Sentence: Although he is 90 this year, he still _____: he can still walk, eat on his own.

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    Copes or manages works here. They work with the fairly low standard of performance being applied. I think self-sufficient is better applied to my 91 year-old mom, who still drives, does all her own shopping, cooks three meals a day, and manages her household in general. – Phil Sweet Dec 28 '17 at 14:49
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    From the description of the question I can see it's looking for something else, but in my head I just answered 'Not dead yet' – djsmiley2kStaysInside Dec 28 '17 at 20:35
  • .he is still perhaps? And if you are going to add he can still walk, eat on his own., you might as well just call him agile instead of looking for a specififc word – user13267 Dec 29 '17 at 20:24
  • just "mobile" is often used here, too. – Fattie Dec 30 '17 at 14:52
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    How about Autonomous ? (Directly translated from a French Idiom) – NodeNodeNode Dec 31 '17 at 5:20

11 Answers 11


Sprightly is often used in that sense:

(especially of old people) energetic and in good health:

  • He's a sprightly old man of 75.

(Cambridge Dictionary)

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My next door neighbour epitomises the vigour of the elderly who are still spry.

He is 94, is up every morning at 07:00, smartly dressed and off to the shops on his mobility scooter. He has just married my other neighbour this year, who is sixty-six.

Joe is one year older than his birth certificate shows since his birth was registered in 1924, a year after he was born in 1923.

Joe is spry.

especially of an old person) active; lively. "he continued to look spry and active well into his eighties"

Google Dictionary

After missing out last year with a cold, the Queen’s back in style ... and Philip’s as spry as ever

Daily Mail 25th December 2017

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You have two different meanings here.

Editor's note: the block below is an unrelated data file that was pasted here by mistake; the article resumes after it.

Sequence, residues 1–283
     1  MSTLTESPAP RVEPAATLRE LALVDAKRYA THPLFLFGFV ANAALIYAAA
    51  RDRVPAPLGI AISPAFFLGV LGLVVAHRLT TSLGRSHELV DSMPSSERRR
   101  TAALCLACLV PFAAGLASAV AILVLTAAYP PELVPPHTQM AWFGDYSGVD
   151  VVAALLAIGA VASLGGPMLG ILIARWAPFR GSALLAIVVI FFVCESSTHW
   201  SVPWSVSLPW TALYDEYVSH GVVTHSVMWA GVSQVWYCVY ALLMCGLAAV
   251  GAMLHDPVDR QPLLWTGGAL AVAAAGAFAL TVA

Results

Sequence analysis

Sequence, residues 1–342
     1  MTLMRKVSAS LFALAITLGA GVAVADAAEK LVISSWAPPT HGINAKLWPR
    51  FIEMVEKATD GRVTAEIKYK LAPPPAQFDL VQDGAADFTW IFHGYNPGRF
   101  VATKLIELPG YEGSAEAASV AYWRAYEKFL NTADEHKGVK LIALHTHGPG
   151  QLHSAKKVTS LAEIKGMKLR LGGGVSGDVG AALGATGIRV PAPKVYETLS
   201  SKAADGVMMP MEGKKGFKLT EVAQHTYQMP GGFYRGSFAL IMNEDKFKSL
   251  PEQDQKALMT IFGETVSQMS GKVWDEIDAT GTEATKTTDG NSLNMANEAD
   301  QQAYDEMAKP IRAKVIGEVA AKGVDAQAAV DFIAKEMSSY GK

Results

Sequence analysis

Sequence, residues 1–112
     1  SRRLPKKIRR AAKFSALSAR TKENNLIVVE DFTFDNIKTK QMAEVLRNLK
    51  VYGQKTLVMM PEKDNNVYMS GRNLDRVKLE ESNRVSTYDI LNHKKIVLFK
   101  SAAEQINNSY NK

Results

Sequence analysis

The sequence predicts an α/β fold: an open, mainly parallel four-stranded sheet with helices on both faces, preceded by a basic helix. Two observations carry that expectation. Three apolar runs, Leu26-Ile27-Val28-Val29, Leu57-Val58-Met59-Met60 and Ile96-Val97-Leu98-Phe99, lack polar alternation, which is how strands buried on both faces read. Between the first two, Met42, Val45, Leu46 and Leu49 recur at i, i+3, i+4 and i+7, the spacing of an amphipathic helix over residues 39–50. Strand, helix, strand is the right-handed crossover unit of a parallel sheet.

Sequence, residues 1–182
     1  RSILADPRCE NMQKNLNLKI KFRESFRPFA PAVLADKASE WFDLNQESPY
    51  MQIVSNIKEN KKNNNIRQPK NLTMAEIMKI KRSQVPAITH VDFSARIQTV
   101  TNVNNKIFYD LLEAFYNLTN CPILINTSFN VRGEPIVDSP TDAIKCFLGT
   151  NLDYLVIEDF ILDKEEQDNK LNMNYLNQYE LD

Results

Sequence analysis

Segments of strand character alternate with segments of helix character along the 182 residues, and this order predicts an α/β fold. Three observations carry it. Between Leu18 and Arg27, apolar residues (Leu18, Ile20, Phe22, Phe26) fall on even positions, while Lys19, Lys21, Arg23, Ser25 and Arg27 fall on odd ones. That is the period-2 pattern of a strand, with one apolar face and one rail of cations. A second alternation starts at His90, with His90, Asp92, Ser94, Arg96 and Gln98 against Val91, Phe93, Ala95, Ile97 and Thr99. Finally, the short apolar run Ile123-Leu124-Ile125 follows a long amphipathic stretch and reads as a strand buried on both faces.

The question asked in your question title, mentions simply functioning properly, but the example sentence you have posted adds an extra dimension "on his own".

The best phrase to fit the meaning of your example sentence I would say is:



Able to provide everything you need, especially food, for yourself without the help of other people. -- Cambridge.

So your example sentence could be changed by adding "is self-sufficient":

Although he is 90 this year, he still is self-sufficient: he can still walk, eat on his own.

I would however remove the last comma and replace with and, re-order slightly and also remove the second still.

Although he is 90 this year, he is still self-sufficient: he can walk and eat on his own.

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Although he is 90 this year, he still lives independently.

From EOLD:



  1. Without outside help; unaided.
    ‘disabled people living independently in their own homes’
    ‘information for those who are travelling independently’
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    "lives independently" relates to his living conditions a good deal more than his age or ability at said age. "He is independent." is much better. A young man can live independently, it just means he's alone. – insidesin Dec 29 '17 at 2:45